Striding towards graduation
In order to graduate, two South Tahoe High School seniors are taking the stage at Lake Tahoe Community College.
Tiffany Bashaw and Jonathan Goldman are participating in the college’s March production of “Ain’t Misbehavin'” for their senior projects.
In addition to final exams, 12th-graders at South Tahoe High are required to complete a senior project before receiving a diploma.
Senior projects are aimed at providing students an opportunity to explore an area of interest through hands-on experience and research. Students may choose topics relating to career, academics, recreation, arts or personal development. Once topics are approved, students must complete 15 work hours with an adult who is knowledgeable in the chosen field. In addition, seniors must research and write a lengthy paper and present their projects to a panel of judges, demonstrating what they learned.
Bashaw, 16, chose dance as the topic of her project. She auditioned for “Ain’t Misbehavin'” at LTCC in January and was cast in one of 12 dancing roles.
“I started dancing about five years ago,” Bashaw said. “I do a lot of jazz and that’s why this play was really interesting to me, because it’s a lot of swing music and I’ve never done that before. It’s different.”
The youngest member in the cast, Bashaw said she was a bit intimidated during the first few rehearsals.
“It was a little scary because I felt that I was really young,” she said. “I’ve never done a college production. It’s sort of a more professional atmosphere. But I’m really enjoying it. I really like the people. The people are fun.”
LTCC dance instructor Rexanne Ring-Harris is Bashaw’s mentor.
“She rocks. She has lots of enthusiasm,” Ring-Harris said of Bashaw. “She doesn’t miss any rehearsals. She’s very responsible.
“It’s neat because she’s getting to broaden her dance horizons, participating in a college-level performance. It gives her a chance to work with some older people, who have a different kind of attitude. It’s all adult, no nonsense, get in there and do it. Plus, it’s a nice run of seven shows and she gets a chance to perform to live music.”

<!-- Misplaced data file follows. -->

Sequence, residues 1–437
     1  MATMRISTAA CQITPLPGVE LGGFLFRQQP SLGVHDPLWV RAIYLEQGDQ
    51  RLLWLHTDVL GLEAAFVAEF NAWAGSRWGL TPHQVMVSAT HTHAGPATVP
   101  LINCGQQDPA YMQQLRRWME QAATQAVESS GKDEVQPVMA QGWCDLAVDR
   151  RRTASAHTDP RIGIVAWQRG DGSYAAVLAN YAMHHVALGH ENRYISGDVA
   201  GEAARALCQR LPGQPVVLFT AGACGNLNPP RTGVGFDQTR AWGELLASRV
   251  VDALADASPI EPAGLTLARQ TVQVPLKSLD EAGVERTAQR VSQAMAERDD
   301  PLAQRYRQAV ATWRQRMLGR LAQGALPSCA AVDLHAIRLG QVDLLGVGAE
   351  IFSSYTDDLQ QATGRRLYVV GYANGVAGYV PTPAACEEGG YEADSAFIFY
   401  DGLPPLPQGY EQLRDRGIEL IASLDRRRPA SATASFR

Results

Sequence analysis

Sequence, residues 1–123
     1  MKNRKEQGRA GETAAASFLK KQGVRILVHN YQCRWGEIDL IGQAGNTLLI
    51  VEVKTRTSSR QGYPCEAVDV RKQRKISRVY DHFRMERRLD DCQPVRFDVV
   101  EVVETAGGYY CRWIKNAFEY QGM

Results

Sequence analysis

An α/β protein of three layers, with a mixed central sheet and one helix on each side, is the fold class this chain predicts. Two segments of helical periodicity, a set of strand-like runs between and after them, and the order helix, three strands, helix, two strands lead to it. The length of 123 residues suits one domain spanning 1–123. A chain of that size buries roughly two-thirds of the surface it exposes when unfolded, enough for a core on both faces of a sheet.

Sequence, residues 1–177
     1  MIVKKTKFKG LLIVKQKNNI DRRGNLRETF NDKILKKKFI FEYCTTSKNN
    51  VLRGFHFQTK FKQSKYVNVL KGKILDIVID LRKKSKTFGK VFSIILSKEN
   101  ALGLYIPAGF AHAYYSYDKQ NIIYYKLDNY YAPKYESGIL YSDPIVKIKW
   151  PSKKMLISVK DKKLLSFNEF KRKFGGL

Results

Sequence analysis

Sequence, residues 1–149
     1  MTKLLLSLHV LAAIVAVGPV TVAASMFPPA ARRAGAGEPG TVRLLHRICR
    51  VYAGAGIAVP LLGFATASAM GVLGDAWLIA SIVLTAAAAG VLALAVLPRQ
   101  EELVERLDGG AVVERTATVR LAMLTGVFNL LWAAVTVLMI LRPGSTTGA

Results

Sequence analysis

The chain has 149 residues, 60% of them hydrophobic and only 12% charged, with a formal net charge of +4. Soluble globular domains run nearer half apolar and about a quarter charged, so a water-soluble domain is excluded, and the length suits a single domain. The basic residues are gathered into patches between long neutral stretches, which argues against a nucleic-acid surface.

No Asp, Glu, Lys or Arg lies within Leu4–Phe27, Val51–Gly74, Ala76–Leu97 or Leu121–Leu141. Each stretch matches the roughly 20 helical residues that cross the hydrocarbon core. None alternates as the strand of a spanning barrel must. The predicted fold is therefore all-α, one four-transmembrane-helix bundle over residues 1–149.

Rehearsals count as work hours for Bashaw’s project.
“We spend many hours dancing, learning choreography and trying to perfect it,” she said. “My product for the judges is the video of the production and I’m doing my paper on different types of dance, their cultures and how they affect society from when they began to present day.”
Goldman, 17, is playing piano in the show’s six-piece band. Fats Waller, who wrote the score for “Ain’t Misbehavin'”, used stride piano in his music. A technically difficult style, the term comes from the action of the left hand, which supplies a constant beat against a melodious right hand.
“It’s very tough,” Goldman said. “It’s a bit like ragtime, but a little bit embellished. Your left hand has to be playing these solid chords really fast and your hand is just jumping around. You can’t even think about it. That left hand has to just be doing its own thing.”
Goldman started playing piano at age 4 and later took up the trumpet. He’s the lead trumpet player in Alan Ginter’s jazz band at South Tahoe High.
Playing 1930’s jazz with the show’s band at the college was a different experience for Goldman.
“The first day was intimidating because I knew I’d be the only kid there,” he said. “I knew I could handle it eventually but the first rehearsal was two days after I got the music so I was sight-reading, essentially. It was really tough but I worked my butt off on it.”
Goldman said he likes being on stage and is glad to be a member of the “Ain’t Misbehavin'” band.
“They’re fantastic people,” he said of his fellow musicians. “They’re really good. There’s a whole range of players. The trombone player plays with Brian Farnon’s band and the trumpet player is pretty young. The main thing is all of the people in the band, we’re all there because we enjoy it. It’s just really fun.”
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